- A quiet and peaceful location in your home where your dog will be able to relax.
- A blanket may be required as shedding is a result of canine massage therapy.
- Make sure your dog has gone potty prior to the session & avoid feeding your dog with in 1 hour of the pet massage.
- If possible avoid scheduling during times the dog is high energy. This includes around dinner time, right when you get home, and when having guests over.
- With high energy dog’s we recommend a 20-minute walk prior to the session. Dogletics does provide a walking service for only $12 when combined with a massage.
HOW FREQUENTLY SHOULD MY DOG GET A MASSAGE?
No, human massage therapists is certified to only do humans. Additionally, there are many differences between humans and dogs. For example, did you know that dogs do not have clavicles and their necks are held up via soft tissues? There are many other differences that lead to different techniques. This is why it’s important to hire a massage therapist for dogs and not a human therapist.
Colby is the founder of Dogletics in 2019. She has a B.S in Animal Behavior from Carthage College. In addition, she has obtained her 200 hours through the Canis Body Works program. As a former biology teacher in Spain, Colby is familiar with teaching students of all ages in both English and Spanish.
Colby is also the lead trainer at Dogletics where she teaches Agility, Obedience, Nosework, and Trick training. She currently has two Australian Shepherd. One named Loki and a rescue named Haven. Both of her dogs compete in Agility competitions across the United States. Her dog Loki sparked her interest in canine massage due to a shoulder injury caused from sport participation.. Part of Loki’s recovery included, rehabilitation, fitness, swimming, chiropractic, and canine massage therapy. All three of these methods are considered an alternative method for supporting the canine athletes’ recovery time.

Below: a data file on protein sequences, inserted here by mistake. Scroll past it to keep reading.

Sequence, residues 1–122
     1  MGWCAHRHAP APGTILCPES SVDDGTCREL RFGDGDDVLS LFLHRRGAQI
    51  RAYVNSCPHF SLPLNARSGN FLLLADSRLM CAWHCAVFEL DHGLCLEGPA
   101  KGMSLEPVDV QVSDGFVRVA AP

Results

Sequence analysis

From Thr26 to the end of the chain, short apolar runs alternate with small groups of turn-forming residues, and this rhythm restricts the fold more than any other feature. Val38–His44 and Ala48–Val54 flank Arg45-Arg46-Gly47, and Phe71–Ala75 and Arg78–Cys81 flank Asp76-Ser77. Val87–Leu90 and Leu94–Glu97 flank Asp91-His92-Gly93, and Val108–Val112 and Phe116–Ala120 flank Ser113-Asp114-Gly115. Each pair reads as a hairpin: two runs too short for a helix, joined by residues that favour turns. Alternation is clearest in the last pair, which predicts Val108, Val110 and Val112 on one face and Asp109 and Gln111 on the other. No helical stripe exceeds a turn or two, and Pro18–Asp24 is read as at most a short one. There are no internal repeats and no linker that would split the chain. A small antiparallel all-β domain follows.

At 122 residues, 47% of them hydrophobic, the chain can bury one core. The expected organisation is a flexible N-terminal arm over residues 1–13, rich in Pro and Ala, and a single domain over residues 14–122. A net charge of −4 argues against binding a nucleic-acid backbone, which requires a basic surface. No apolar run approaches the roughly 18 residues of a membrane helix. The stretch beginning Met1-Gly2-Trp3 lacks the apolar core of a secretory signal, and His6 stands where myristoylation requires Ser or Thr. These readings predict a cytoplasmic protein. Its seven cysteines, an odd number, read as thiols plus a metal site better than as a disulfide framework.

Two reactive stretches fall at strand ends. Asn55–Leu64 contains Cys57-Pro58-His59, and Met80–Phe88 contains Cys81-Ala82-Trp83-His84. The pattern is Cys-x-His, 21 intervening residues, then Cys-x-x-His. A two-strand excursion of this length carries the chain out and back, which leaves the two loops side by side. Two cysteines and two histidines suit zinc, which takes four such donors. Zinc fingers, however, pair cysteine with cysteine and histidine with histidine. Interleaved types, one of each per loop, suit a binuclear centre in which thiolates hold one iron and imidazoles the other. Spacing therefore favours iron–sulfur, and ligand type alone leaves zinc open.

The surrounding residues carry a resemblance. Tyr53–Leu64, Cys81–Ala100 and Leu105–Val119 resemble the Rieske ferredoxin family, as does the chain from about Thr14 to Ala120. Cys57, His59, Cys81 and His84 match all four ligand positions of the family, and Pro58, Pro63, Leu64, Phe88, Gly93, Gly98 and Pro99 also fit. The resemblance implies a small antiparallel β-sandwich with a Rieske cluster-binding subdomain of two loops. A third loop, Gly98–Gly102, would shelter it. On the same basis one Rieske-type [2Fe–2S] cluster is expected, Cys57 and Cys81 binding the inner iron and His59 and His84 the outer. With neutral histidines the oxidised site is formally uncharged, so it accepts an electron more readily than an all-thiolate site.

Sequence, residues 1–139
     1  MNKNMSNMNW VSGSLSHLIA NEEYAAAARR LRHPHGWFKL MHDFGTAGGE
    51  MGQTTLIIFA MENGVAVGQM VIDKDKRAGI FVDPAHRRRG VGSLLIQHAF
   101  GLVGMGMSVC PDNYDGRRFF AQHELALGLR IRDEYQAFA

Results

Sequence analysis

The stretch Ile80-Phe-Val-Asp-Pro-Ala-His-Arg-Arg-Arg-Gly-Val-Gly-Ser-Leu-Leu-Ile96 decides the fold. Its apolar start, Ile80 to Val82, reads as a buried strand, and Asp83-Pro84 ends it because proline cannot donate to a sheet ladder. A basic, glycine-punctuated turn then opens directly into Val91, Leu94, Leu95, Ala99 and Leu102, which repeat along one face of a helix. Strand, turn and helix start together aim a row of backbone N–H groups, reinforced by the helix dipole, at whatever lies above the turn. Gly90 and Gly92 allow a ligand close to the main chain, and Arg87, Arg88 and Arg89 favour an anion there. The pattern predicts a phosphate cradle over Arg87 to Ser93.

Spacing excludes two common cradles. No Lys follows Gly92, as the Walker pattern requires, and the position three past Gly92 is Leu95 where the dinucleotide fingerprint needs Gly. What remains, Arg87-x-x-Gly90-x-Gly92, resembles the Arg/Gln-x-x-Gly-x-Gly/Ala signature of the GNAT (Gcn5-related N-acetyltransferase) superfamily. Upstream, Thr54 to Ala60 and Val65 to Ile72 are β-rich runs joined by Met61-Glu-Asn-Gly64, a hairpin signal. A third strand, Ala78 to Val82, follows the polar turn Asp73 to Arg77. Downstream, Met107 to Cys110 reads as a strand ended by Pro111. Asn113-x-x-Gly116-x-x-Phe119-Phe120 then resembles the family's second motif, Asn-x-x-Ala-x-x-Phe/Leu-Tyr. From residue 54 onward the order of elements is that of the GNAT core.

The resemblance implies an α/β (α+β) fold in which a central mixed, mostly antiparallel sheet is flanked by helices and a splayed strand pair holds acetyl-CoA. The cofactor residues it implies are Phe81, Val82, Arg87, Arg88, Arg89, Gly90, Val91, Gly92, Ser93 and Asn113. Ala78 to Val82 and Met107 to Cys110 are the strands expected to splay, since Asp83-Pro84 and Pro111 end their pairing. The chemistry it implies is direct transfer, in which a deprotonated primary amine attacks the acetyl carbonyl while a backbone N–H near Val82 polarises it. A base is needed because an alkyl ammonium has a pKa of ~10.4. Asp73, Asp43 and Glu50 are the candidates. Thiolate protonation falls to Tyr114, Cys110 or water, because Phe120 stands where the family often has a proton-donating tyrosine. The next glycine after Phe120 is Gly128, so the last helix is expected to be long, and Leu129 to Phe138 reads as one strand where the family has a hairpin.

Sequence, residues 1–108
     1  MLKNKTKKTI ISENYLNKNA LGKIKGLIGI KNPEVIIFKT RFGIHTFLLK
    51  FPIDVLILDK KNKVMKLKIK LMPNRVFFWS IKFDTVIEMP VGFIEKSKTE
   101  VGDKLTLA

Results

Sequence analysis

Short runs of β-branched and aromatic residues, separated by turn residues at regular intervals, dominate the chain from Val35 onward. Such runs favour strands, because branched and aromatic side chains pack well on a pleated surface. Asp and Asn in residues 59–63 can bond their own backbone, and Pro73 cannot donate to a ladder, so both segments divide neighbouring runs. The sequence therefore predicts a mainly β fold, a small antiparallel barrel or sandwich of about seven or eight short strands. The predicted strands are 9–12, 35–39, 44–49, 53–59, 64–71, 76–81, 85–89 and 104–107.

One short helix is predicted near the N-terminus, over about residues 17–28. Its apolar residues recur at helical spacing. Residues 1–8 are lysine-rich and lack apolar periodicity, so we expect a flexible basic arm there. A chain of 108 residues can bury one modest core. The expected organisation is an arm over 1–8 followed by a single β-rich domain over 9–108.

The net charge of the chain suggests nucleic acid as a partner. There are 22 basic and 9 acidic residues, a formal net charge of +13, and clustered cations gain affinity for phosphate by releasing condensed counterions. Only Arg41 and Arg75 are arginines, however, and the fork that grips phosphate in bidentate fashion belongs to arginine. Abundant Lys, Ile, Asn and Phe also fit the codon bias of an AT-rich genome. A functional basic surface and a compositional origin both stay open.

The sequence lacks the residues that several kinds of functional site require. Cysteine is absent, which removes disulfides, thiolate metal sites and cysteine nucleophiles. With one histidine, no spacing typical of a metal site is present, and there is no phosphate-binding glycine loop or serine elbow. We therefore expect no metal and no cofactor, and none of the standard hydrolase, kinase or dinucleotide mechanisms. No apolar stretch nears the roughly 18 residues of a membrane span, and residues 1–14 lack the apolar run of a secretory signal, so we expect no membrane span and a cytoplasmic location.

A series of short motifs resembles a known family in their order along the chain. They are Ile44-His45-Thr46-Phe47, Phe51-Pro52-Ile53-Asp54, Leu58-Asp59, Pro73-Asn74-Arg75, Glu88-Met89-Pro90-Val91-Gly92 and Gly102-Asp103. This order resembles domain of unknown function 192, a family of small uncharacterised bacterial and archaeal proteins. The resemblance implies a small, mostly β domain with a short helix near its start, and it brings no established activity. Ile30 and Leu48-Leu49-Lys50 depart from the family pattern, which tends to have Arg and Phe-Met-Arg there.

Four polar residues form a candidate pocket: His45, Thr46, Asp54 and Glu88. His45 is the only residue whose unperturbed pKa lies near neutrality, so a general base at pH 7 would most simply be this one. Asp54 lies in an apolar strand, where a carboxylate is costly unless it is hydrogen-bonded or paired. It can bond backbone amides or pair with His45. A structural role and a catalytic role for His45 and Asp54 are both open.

WHAT CAN I EXPECT FROM MY FIRST CANINE THERAPEUTIC MASSAGE?
Every dog relates to the act of touch differently. Some dogs are anxious, playful, restless, or relaxed. As a result, the first session spent with your dog’s massage therapist is what we call a “Trust Building” class. Trust building is getting your dog use to being touched by the therapist. With anxious dogs, it is considered a win if the dog lets us do a ‘drive-by pet’ in the first session. Every dog’s trust threshold differs due to their past experiences and personality. Your dog might not relax on the floor until the 3rd or 4th session and this is completely normal. However, some dogs open up right away and might even snore in the first session.
At the beginning of each session, we will review your goals, past history, and any tidbits that are pertinent to your dog’s health. It is best if you fill out the intake form prior to the session. This allows the canine massage therapist to spend hands-on time with your dog.
WHAT SHOULD I EXPECT AT MY CANINE MASSAGE?
Massage is different than regular petting because it is ‘touch with intent’. Touch with intent tends to be more intense and stress as well as toxins in the body. It does this through increase of blood flow. Your dog will most likely have to potty after his/her massage. Some dogs may feel pain from certain techniques such as trigger point (deep tissue). As a result, he/she may alter his typical gate to compensate for soreness. In addition, some dogs do fall asleep during therapeutic massage which results in wobbley legs and less coordinated when walking. These are all very normal responses to massage during the first 24 hours following a session. If symptoms continue, there may be an underlying condition and it’s best to schedule a visit with your vet